The company, run by Dan Kennedy, has come under fire before amid concerns that its petition circulators have forged signatures and that those working for it have criminal backgrounds.


Congress is again grilling Facebook boss Mark Zuckerberg over the company’s data collection practices. Hopefully today’s Q&A will go better than it did on Tuesday, when a panel of U.S. Senators demonstrated that they really have no idea how to actually use Facebook.  

Meanwhile, concerns continue to mount about illegal data collection in Colorado via the shady firm Cambridge Analytica.


A group of Colorado business interests supports a legislative plan to put $5 billion into infrastructure improvements, but it’s unclear if the bill has the support to make it out of the State Capitol.


Colorado House Democrats are pushing legislation designed to close the wage gap in our state.


CBS4 Denver reports on proposed legislation intended to make it easier for foster children to remain in the same school despite changes in their living arrangements.


Teachers in Arizona are speaking out for better wages, but they aren’t yet walking out like their brethren in Oklahoma and Kentucky.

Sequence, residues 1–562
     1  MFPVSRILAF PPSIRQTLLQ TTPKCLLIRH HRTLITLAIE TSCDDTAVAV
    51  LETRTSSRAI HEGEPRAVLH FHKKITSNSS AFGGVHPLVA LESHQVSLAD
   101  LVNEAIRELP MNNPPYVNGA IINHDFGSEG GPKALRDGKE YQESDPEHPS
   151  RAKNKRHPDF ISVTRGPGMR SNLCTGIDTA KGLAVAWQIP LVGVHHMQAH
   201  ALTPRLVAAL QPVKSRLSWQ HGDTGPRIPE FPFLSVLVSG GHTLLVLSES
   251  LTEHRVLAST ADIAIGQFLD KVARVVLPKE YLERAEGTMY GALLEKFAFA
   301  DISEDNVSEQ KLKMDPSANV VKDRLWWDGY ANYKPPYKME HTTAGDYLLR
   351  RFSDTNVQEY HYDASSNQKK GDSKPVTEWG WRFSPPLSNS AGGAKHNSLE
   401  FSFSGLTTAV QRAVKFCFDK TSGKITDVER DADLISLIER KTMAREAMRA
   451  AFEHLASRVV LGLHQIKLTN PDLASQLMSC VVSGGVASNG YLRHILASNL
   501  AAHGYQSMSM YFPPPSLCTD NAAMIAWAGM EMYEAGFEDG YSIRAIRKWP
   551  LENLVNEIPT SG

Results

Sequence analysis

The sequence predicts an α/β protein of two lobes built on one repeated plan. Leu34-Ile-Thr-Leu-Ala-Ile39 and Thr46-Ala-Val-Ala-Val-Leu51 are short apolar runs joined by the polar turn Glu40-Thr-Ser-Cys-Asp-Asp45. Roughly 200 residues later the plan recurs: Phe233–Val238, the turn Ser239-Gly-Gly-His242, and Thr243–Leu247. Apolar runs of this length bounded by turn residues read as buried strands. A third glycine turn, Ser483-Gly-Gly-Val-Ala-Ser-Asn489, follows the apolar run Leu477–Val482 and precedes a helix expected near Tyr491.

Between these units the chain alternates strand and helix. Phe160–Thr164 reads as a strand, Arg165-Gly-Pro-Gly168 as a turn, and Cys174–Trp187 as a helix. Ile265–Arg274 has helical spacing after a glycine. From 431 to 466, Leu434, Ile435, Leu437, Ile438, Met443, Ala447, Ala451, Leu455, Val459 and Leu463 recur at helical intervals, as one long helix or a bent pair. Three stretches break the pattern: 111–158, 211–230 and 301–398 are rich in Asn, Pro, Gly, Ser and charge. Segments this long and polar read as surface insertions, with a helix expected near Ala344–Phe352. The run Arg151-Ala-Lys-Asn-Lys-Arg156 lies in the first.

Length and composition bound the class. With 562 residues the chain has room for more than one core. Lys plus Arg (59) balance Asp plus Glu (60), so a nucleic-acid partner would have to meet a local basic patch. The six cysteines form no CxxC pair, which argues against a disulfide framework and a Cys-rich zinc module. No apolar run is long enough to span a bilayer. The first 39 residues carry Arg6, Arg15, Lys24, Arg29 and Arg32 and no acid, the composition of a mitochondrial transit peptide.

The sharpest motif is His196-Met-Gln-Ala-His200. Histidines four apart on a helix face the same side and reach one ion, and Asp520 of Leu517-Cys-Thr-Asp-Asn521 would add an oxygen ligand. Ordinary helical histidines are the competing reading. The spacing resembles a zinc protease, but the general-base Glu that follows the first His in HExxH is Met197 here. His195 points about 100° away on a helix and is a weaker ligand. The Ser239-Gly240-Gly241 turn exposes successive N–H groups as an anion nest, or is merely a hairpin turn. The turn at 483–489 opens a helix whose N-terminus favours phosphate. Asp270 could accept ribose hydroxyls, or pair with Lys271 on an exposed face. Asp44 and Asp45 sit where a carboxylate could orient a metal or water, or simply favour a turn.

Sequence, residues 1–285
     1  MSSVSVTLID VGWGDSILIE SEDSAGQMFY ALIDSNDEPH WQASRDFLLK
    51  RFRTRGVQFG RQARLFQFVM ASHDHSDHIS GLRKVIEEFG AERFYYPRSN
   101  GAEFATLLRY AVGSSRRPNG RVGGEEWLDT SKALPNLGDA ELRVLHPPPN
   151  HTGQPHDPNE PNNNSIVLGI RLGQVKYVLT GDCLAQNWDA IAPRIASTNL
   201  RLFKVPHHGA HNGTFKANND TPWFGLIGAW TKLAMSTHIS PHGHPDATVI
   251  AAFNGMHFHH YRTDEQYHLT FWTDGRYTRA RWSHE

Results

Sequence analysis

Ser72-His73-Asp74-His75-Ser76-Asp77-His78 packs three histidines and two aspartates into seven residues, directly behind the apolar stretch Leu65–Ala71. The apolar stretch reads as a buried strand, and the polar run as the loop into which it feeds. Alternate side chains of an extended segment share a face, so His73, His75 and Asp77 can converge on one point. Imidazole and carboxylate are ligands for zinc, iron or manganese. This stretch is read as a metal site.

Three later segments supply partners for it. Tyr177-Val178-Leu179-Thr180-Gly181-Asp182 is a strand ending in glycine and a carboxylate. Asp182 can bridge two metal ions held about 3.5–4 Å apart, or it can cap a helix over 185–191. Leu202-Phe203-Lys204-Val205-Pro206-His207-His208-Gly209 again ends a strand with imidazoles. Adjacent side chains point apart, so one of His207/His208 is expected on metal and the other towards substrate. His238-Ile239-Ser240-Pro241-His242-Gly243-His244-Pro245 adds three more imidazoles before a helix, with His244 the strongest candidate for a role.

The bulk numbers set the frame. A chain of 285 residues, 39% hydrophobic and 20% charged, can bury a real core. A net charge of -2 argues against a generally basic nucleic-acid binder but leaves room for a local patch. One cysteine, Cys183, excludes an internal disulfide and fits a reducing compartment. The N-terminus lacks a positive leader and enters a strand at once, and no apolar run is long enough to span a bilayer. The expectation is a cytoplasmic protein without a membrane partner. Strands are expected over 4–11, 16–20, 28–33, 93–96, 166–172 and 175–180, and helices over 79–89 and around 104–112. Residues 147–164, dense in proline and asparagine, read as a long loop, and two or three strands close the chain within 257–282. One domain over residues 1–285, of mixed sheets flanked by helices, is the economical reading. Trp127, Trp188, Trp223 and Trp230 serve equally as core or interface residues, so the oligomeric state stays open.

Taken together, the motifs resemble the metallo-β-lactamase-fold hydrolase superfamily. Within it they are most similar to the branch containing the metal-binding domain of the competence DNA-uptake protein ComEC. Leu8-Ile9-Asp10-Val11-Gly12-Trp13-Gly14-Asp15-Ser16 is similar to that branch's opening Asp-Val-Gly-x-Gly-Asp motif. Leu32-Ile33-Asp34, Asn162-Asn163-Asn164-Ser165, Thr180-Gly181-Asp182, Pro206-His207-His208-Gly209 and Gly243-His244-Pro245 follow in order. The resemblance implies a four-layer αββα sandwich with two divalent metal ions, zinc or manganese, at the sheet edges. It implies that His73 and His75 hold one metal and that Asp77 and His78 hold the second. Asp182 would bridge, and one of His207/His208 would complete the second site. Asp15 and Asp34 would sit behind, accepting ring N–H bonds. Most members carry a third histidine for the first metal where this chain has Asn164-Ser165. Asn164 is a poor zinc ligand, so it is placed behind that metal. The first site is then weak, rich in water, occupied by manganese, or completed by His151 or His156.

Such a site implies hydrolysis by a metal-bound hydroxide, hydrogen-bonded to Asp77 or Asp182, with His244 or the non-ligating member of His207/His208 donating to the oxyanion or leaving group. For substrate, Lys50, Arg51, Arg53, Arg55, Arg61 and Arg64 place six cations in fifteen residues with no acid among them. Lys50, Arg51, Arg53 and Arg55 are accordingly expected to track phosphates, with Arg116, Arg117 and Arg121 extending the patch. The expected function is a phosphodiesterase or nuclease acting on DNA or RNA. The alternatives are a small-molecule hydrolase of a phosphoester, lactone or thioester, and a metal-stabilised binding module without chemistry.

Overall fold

President Trump signed an executive order about “welfare” that probably won’t actually have any affect on “welfare.”


 The editorial board of the New York Times ponders the next stage of trouble for President Trump:

Mr. Trump has spent his career in the company of developers and celebrities, and also of grifters, cons, sharks, goons and crooks. He cuts corners, he lies, he cheats, he brags about it, and for the most part, he’s gotten away with it, protected by threats of litigation, hush money and his own bravado. Those methods may be proving to have their limits when they are applied from the Oval Office. Though Republican leaders in Congress still keep a cowardly silence, Mr. Trump now has real reason to be afraid. A raid on a lawyer’s office doesn’t happen every day; it means that multiple government officials, and a federal judge, had reason to believe they’d find evidence of a crime there and that they didn’t trust the lawyer not to destroy that evidence…